This term refers to a group of German biblical scholars centered in Tübingen, Germany, including Friedrich Schleiermacher (1768-1834), David Friedrich Strauss (1808-74), and Ludwig Feuerbach (1804-72), who began in the late eighteenth and early nineteenth centuries to analyze the historical records of the Middle East from Christian and Old Testament times, in search of independent confirmation of the events related in the Bible. The very idea of such research was shocking: if as most Christians believed every word in the Bible was divinely inspired, its truth was guaranteed. Clearly, these critics thought of truth as something that God had left for man to discover, putting their theology in obvious conflict with Evangelicalism and making them the intellectual descendants of Locke, Hume, Kant, Lessing, Fichte, Hegel, and the French rationalists.

Their ideas were communicated to England first by Coleridge and then more directly by George Eliot's translations of Strauss's Life of Jesus (1846) and Feuerbach's Essence of Christianity (1854). Strauss, as the first to fully describe the historical Jesus, took the brunt of the reaction: you will occasionally see the movement referred to as Straussism. In fact Feuerbach is more radical, holding that the idea of God was created by man to express the divine within himself, and that the beginning, middle, and end of Religion is MAN.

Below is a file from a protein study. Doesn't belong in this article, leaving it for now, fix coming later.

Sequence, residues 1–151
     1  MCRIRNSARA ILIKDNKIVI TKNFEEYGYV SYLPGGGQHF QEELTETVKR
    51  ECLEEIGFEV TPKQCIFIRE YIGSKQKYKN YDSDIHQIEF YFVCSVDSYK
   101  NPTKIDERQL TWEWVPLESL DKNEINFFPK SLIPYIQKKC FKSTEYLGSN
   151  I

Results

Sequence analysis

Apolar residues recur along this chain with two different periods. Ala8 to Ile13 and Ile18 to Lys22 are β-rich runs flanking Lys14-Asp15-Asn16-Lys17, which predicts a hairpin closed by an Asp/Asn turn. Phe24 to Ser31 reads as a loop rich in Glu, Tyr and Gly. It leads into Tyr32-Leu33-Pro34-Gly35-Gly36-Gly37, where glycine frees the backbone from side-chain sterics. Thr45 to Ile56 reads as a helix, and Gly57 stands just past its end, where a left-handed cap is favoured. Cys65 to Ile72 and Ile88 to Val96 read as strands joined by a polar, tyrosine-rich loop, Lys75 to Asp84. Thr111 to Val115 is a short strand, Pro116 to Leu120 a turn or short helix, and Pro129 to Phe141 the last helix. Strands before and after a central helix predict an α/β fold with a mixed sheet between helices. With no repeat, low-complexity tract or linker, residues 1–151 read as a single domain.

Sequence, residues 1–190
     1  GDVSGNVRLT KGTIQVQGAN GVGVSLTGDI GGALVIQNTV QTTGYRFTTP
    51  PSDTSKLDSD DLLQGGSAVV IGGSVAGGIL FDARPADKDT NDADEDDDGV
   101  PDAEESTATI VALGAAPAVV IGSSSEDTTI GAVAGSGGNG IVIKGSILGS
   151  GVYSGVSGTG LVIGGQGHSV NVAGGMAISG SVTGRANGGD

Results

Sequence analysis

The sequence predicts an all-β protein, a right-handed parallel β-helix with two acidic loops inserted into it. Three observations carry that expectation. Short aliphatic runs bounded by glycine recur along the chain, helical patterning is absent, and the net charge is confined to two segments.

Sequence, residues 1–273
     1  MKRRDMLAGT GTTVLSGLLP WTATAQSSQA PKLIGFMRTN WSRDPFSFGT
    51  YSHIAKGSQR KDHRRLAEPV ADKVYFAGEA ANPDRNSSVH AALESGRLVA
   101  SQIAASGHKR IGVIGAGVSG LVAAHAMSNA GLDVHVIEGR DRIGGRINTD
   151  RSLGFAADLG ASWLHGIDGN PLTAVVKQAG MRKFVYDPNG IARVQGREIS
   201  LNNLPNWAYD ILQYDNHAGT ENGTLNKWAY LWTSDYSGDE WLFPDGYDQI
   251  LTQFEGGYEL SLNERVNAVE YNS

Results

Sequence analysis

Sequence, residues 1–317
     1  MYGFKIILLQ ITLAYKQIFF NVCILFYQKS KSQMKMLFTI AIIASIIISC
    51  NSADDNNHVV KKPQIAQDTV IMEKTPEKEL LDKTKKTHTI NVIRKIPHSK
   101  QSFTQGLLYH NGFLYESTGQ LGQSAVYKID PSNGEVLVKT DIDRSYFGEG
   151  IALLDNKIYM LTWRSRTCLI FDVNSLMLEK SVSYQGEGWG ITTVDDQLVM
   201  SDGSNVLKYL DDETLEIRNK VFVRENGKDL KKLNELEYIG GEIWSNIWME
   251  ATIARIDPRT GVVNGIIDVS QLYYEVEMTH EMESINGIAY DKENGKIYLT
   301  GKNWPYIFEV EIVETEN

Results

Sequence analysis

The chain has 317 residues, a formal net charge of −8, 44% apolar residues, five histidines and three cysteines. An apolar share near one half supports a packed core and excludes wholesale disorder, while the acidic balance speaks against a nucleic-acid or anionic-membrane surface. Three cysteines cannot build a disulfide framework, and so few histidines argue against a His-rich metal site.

This idea is often what present-day Evangelicals are attacking as "secular humanism" if they are not more specifically talking about the positivism of August Comte, to which Feuerbach's theology bears much general resemblance. La Vie de Jesus (1863), by a Frenchman, Ernst Renan (1823-92), continued the same tradition. But three years earlier before the appearance of La Vie de Jesus, liberal Anglican theologians had begun the process of incorporating this historical criticism within the spectrum of Christian doctrine in Essays and Reviews (1860).

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